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The award
MSc

How long you will study
12 months

Domestic course fees
GBP 25000 per year

How you will study
full-time

Course starts
September

International course fees
find out

All study options

About Financial Mathematics at City, University of London

Overview

Who is it for?

To successfully complete this course, you must have a very good understanding of mathematics. You may well have studied maths, physics or engineering degrees as an undergraduate.

Or you might have a bachelor's degree in economics or science and in particular computer science, which, coupled with your interest in stochastics, could also qualify you for this programme.

You should have a general interest in learning the more technical and mathematical techniques used in financial markets; but you don't need to have a background in finance.

Objectives

The MSc Financial Mathematics focuses on stochastics and simulation techniques, but also covers some econometrics. You'll study core modules covering asset pricing, risk management and an introduction to key financial securities such as equities, fixed income and derivatives.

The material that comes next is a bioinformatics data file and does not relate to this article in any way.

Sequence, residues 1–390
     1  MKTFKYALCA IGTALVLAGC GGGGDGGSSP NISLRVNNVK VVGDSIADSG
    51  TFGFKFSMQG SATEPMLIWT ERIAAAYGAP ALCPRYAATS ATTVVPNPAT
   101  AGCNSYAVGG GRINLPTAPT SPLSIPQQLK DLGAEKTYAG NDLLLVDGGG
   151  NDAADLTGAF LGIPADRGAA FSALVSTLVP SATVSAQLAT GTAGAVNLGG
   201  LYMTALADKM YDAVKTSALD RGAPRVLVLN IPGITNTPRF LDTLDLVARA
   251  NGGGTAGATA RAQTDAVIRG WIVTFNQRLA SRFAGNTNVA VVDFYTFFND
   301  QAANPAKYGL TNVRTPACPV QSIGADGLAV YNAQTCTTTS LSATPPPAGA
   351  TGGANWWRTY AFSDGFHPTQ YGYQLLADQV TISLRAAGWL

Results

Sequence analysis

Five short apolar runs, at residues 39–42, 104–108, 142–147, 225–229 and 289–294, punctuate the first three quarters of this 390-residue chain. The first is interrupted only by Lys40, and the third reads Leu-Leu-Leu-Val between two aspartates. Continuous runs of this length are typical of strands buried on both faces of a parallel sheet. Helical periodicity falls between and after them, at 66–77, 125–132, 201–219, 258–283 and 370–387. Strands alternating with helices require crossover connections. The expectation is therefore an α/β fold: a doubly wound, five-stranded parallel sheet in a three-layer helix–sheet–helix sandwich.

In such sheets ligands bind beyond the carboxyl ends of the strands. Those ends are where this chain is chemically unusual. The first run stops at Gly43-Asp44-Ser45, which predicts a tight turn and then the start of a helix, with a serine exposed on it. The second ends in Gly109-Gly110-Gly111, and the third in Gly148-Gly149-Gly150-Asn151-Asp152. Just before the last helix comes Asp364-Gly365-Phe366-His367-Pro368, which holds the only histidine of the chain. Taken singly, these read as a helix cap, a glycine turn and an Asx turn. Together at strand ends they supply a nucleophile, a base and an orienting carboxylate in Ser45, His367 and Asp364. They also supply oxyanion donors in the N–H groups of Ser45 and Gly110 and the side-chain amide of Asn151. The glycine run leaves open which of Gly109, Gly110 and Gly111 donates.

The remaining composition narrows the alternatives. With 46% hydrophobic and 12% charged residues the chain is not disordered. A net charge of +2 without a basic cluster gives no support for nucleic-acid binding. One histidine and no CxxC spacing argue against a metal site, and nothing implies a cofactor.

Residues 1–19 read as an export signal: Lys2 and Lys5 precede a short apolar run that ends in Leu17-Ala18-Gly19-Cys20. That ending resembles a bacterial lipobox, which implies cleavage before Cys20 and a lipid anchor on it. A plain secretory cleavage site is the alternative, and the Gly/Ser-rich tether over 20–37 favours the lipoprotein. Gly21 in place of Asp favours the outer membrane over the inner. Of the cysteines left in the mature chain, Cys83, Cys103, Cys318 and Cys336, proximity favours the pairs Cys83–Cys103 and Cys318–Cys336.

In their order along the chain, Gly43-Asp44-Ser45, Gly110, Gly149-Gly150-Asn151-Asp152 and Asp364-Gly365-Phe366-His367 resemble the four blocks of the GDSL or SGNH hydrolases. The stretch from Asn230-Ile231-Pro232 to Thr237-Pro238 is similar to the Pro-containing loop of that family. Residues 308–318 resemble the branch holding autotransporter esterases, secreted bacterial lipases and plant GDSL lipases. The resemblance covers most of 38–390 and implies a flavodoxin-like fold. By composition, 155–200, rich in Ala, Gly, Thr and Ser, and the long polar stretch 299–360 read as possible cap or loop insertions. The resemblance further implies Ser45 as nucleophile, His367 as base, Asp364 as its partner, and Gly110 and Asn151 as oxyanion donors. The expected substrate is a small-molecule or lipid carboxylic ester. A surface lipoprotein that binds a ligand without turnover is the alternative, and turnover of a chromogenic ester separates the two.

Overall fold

You'll cover a wide range of elementary and advanced topics in stochastics, including Levy processes and different simulation techniques. You'll be taught Matlab and VBA and you have the opportunity to learn other programming languages as part of our electives offering, such as Python or C++.

There are three ways to complete the third term. Either you'll choose five electives from around 40 optional modules in your final term. Or you can choose to complete a traditional dissertation, known as a 'business research project', which counts for four electives, or a shorter 'applied research project', which is the equivalent of two elective modules.

Structure

  • You will have gained a very good understanding of the technical aspects used in financial markets, including wide ranging financial theory and different financial assets.
  • You will gain a good understanding of stochastic and mathematical finance and gained some knowledge of econometrics and forecasting. You will also have obtained a good understanding of programming, in particular Matlab.